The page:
The colors may be dirty and worn, but the symbol remains the same
(image by Rusty Knuckles Blogspot) DMCA
At the peak of World War Two, the U.S. was cranking out a Liberty ship in eight hours, a B-24 bomber every 63 minutes, and a Sherman tank every half hour. The Military-Industrial Complex, within a few short years of its coming into existence, had become the largest war machine the world had ever seen. By the end of the war The U.S. was the global superpower, and by signing The National Security Act of 1947 into law, President Truman created the CIA and the National Security State.
War became the foundation of the economy and the Military-Industrial-Security Complex had no interest in dismantling itself. There must always be A War. There must always be An Enemy. The Soviet Union, the most valuable ally of the United States during World War II, became The Enemy, and communism became the all pervasive threat.
From Adam Curtis's documentary Century of the Self Part Two -- The Engineering of Consent:
"In 1953 the Soviet Union exploded its first hydrogen bomb and the fear of nuclear war and communism gripped the United States.
"At this point Edward Bernays [Sigmund Freud's nephew] was living in New York. In the 1920s he had invented the profession of Public Relations and was now one of the most powerful PR men in America. He worked for most of the major corporations and advised politicians, including President Eisenhower. ... Bernays argued that instead of trying to reduce people's fears of communism, one should actually encourage and manipulate the fear."
Fear fueled the consent given to the Military-Industrial-Security Complex, and it made certain Americans were propagandized with high-test boogeyman.
In 1953 Senator Joseph McCarthy gave a speech in West Virginia where he
said, "The State Department is infested with communists. I have
here in my hand a list of 205 -- a list of names that were made known to
the Secretary of State as being members of the Communist Party and who
nevertheless are still working and shaping policy in the State
McCarthy never made his list public nor produced any solid evidence there was even one communist in the State Department. But the Americans, listening to McCarthy's "revelations," were shocked to their core. The enemy was not lying in wait on some foreign shore. The enemy was in our midst. Within our own government.
Anti-communist propaganda was everywhere. From lurid Mike Hammer paperbacks to Hollywood films, communists were scheming to extinguish the beacon of freedom that was The United States of America.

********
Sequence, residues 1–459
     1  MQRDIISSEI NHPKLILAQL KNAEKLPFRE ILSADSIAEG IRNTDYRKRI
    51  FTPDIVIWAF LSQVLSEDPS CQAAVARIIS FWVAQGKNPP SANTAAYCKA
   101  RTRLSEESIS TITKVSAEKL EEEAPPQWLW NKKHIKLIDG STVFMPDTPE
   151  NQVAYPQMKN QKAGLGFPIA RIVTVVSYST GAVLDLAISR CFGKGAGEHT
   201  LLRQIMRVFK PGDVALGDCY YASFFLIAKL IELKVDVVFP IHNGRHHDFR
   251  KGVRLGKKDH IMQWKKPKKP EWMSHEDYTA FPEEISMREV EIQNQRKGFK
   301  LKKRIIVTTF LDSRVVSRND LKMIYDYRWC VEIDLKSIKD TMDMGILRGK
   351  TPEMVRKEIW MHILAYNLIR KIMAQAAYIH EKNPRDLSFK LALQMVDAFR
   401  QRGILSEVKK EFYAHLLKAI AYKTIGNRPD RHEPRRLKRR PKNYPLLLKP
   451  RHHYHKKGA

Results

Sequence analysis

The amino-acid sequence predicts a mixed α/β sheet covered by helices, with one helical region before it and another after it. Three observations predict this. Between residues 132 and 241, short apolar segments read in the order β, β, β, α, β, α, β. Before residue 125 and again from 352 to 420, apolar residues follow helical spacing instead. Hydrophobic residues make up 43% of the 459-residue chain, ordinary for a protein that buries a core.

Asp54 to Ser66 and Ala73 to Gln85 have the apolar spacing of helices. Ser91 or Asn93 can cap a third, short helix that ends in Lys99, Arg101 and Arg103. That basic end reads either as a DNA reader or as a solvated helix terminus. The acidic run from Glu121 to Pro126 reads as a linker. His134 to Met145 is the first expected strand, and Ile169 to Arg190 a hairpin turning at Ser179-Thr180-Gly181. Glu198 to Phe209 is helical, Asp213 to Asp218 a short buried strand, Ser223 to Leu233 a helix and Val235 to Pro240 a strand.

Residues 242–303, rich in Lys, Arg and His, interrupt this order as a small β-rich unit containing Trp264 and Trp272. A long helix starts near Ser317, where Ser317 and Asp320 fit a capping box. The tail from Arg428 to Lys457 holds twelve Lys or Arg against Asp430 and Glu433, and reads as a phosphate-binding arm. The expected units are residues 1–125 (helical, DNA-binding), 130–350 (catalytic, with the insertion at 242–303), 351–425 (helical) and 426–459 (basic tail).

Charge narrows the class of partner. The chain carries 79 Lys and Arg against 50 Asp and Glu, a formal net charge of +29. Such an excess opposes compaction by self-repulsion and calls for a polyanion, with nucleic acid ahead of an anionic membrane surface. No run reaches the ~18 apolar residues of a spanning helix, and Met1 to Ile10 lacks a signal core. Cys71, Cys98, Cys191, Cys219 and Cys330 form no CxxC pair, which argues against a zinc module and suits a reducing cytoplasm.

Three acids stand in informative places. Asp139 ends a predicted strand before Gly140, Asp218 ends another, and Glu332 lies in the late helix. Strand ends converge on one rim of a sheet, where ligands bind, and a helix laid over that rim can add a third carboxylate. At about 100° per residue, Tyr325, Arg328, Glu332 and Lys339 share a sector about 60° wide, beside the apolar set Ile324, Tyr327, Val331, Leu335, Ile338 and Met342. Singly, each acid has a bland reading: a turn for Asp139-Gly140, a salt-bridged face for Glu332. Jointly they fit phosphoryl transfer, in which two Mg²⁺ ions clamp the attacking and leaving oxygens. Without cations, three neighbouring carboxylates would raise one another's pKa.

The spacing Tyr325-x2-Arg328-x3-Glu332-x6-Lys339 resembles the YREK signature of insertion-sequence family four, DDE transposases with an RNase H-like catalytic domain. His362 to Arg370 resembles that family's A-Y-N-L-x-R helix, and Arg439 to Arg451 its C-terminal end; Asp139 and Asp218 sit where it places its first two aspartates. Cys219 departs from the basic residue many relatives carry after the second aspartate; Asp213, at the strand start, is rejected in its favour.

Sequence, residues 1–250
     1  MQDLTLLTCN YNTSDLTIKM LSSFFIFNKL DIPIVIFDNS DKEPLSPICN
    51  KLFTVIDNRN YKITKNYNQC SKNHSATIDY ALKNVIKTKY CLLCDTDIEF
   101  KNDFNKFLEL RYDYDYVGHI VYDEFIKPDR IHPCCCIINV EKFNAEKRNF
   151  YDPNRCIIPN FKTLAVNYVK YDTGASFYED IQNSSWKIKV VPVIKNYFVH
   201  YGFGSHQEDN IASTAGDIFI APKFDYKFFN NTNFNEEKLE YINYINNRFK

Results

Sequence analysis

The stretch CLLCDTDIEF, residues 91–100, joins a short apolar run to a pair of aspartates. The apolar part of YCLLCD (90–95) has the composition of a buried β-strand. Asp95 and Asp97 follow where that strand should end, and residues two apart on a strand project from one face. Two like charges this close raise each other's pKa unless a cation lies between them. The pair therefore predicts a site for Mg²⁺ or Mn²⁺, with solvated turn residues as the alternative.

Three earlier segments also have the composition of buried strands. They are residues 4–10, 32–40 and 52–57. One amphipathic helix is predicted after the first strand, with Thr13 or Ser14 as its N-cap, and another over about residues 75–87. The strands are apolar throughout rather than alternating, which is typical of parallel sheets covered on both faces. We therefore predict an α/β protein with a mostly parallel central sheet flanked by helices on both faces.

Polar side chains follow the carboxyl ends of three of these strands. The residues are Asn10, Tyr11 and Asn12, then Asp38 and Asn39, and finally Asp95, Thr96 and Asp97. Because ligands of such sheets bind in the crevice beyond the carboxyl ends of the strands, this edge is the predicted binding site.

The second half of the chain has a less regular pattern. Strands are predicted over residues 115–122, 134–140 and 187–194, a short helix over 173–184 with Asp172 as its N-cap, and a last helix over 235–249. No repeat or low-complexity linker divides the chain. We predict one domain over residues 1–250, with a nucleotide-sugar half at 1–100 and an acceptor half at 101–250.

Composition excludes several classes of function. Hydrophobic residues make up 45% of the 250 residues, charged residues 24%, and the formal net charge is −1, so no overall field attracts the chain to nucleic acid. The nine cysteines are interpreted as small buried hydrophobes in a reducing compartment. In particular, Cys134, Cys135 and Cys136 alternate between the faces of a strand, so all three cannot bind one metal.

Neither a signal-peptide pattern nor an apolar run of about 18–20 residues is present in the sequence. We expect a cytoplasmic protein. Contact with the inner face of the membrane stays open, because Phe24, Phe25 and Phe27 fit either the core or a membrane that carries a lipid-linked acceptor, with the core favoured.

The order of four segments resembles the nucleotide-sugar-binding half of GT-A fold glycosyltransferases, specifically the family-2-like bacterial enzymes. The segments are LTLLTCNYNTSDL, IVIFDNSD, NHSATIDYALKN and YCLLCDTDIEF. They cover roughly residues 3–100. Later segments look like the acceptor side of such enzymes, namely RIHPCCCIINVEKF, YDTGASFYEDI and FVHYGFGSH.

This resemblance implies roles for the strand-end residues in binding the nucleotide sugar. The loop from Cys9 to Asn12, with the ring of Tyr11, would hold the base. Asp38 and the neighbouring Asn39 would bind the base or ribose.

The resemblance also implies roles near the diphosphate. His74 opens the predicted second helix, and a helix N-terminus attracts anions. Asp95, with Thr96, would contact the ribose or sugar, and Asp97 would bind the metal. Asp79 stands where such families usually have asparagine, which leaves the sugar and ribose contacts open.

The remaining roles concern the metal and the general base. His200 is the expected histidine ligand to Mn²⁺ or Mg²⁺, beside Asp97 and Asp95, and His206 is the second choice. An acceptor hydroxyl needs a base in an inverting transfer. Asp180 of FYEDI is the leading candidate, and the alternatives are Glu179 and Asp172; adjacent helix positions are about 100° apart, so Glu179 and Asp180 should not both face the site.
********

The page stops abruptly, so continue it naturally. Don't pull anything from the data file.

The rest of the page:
The film Red Nightmare was produced by Warner Brothers and narrated by Jack Webb -- Sergeant Joe Friday from the radio and television series Dragnet. Though made for the Department of Defense, it was shown on television and distributed to schools as an educational film.
Red Nightmare begins with shots of a typical small American town, but as the camera pulls back we see it is surrounded by barbed wire and patrolled by Soviet Army guards.
Webb tells us this looks like any American town but ...
"This is not an American town. However it can be assumed that such a town does exist, shrouded in secrecy, and protected by utmost security deep behind the Iron Curtain. You might call this a college town ... Communist style. As part of a long-range plan to destroy our free way of life these young communists are studying the economic, political, and religious institutions that are the very heartbeat of America. The courses here in this strangest of all schools ... espionage as a science, propaganda as an art, sabotage as a business. This nameless American city, deep in the vastness of the Soviet Union, stands as a symbol of Russian treachery, of long-range communist conspiracy."
Imagine the shock to the American psyche to see the Soviets had actually
constructed an Anytown U.S.A. to groom spies where they could perfect
their "Americanisms" so they could walk among real Americans
undetected. Did people watching Red Nightmare doubt Webb when he
said, "... it can be assumed that such a town does exist."? Because
of their fear-induced mania, when they saw the Hollywood sets, watched
the cast of Warner contract players enacting the crude simplistic plot,
audiences believed it was all true.
As William Blum wrote in his book Rogue State...
"During the Cold War, US foreign policy was carried out under the waving banner of fighting a moral crusade against what cold warriors persuaded the American people, most of the world, and perhaps themselves, was the existence of a malevolent International Communist Conspiracy. But it was always a fraud; there was never any such animal as the International Communist Conspiracy."
The cold warriors spun their ubiquitous false propaganda of a Communist
Conspiracy and drove it home so deeply and thoroughly, it drove the
country insane. Some moments of reason managed to slip through the
madness, but were for the most part, ignored.
In Eisenhower's speech, The Chance for Peace, he described a future without peace with the Soviets...
"The best would be this: a life of perpetual fear and tension; a burden of arms draining the wealth and the labor of all peoples; a wasting of strength that defies the American system or the Soviet system or any system to achieve true abundance and happiness for the peoples of this earth.